Film Review: The Borneo Case Shocks its Viewers

A Revealing Documentary on the Exploitation of the Malaysian Rainforest and its Indigenous People

(left to right) Activist lawyer Harrison Ngau and Penan village chief Bilong Oyao. Photo Elisa Barbier
(left to right) Ngau and Mutang Urud during the screening of the film. Photo Elisa Barbier

More than 90 per cent of Borneo’s rainforest was stripped because of illegal lodging in Malaysia. A group of activists spent five years investigating who was behind the operations to produce The Borneo Case. By the end of the film, the audience was stunned into silence.

As part of The First Voices Week, the documentary was presented at the Concordia Centre for Broadcasting and Journalism Studies Jan. 31.

The film left the audience appalled as it no doubt made its point. Indeed, if this documentary does not make you question Indigenous land rights and freedom of expression, then what will?

The Borneo Case serves as a way to give a voice and visibility to Sarawak, a Malaysian state in Borneo. It presents more than 30 years of information suppressed by the Malaysian government and ongoing injustices on Indigenous land in Sarawak.

Tahib Mahmud was chief minister for 33 years in Sarawak and developed the project of lodging. No one in Sarawak benefited from the industry. Eventually, Mahmud mysteriously became known as the richest man in Malaysia.

The film focused on Mutang Urud, an exiled tribesman from Sarawak, and his team whose mission was to do research and find out where the money from the lodging industry went. They were able to establish a solid case with Tahib’s former US aide, Ross Boyert, who worked with the Tahib family for 12 years and managed Tahib’s properties in the US.

Boyert was able to provide documents proving that Mahmud was laundering money in the US by buying real estate. Mahmud was accused of benefiting from the private profit of the lodging industry in Sarawak and for laundering $1.3 billion in different countries including Canada and the United States.

Mahmud resigned from his position and a new chief minister was elected. Sarawak’s population was able to stop the construction of a third dam, but they are still waiting to see what actions will be taken for their land.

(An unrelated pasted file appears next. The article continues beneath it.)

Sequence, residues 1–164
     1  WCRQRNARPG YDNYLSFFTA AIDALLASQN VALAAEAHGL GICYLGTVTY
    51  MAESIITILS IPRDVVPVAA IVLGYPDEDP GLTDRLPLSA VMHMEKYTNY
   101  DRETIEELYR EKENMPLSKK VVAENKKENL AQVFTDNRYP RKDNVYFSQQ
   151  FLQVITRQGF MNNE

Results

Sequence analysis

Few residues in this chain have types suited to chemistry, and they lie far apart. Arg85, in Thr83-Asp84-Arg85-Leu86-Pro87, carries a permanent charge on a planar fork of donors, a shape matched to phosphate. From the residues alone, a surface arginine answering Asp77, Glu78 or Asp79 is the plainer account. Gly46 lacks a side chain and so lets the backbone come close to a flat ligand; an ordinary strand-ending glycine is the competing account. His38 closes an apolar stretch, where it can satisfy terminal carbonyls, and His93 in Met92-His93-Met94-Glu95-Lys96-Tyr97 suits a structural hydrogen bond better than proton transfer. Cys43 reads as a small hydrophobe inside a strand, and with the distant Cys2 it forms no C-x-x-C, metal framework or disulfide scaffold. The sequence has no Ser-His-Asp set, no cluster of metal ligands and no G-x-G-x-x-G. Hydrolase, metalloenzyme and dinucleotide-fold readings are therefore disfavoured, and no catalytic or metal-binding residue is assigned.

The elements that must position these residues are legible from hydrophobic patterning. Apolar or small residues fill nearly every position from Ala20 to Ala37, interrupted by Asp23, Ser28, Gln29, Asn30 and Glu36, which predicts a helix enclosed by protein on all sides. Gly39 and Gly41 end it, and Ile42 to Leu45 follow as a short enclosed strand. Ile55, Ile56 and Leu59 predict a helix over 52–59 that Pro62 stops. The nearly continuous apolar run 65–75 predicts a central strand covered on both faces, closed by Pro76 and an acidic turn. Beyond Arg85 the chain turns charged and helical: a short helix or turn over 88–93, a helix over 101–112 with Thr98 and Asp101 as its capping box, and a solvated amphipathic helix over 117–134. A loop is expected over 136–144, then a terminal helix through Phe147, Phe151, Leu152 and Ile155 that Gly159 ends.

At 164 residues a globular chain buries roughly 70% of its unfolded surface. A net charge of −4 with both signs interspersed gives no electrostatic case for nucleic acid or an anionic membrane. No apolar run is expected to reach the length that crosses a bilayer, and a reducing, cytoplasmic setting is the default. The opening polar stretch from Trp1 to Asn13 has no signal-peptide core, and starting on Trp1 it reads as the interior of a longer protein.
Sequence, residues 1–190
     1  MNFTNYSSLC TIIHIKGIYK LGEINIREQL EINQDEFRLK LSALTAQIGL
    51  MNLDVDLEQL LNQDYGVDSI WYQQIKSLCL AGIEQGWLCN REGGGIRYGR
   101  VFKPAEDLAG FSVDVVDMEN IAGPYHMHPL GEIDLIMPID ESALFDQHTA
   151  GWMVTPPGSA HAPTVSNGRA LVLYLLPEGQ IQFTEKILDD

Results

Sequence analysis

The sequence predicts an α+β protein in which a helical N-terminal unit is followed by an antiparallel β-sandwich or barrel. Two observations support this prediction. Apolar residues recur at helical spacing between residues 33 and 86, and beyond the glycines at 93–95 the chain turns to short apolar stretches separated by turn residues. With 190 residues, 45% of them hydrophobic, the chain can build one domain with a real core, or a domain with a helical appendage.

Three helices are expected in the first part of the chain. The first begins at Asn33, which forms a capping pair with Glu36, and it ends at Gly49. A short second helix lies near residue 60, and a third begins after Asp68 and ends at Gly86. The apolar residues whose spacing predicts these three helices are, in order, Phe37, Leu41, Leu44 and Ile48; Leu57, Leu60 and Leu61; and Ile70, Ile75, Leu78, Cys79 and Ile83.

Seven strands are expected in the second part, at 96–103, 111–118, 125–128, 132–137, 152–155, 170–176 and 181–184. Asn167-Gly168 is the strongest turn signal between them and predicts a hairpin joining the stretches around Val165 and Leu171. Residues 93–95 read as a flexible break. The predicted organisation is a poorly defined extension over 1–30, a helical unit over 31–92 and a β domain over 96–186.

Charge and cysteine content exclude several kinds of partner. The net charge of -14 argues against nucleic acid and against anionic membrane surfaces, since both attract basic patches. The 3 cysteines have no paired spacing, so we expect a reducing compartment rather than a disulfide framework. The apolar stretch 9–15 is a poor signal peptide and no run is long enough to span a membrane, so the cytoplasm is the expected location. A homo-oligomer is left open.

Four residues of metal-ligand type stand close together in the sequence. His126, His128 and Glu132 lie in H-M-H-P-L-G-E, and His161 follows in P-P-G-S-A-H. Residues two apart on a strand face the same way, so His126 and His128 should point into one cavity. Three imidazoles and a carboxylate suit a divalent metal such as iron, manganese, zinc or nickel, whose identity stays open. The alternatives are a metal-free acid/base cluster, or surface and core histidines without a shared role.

(left to right) Urud, Lukas Straumann, Ngau, Oyao, and Komeok Joe. Photo Elisa Barbier

The Borneo Case was filmed intimately, allowing the viewer to follow the group of activists in adversity and success, from death threats to the resignation of Mahmud.

Urud and his team are shown in different locations and periods of time showing the steps that they had to take to achieve their goal. Urud sought for the Urud sought for the UN’s help to investigate and intervene on the lodging industry, but nothing was done.

“The UN is a weak body and does not have a lot of enforcing power,” he said at the Q&A following the film’s screening.

He has been implicated in this fight for more than 20 years and had to take shelter in Canada following his imprisonment and torture in the region of Borneo.

The juxtaposition of the scenes when Urud is walking in his motherland and the scene of him camping in the backyard with his family in Canada show a clear contrast. Urud did not plan this life. He had to change his lifestyle by adapting to the Western environment and draw a line on his relation with Borneo’s nature.

Visuals and wild sounds from the forest are used to establish the calm residing in Borneo’s forest. Footage and disturbing noises from lodging, palm oil exploitation, and dams are used to demonstrate how the industry disrupts people’s lives and ecosystems.

The Borneo Case depicts a harsh reality. It shows resilience and true devotion from those who were willing to make the necessary sacrifices to preserve their land.

“I believe that we are weak alone, but we are strong together,” said Straumann.

Indigenous land rights in Malaysia are recognized, although their rights are unclear and very limited. Nothing was done to repair the damages caused to the rainforest in Borneo.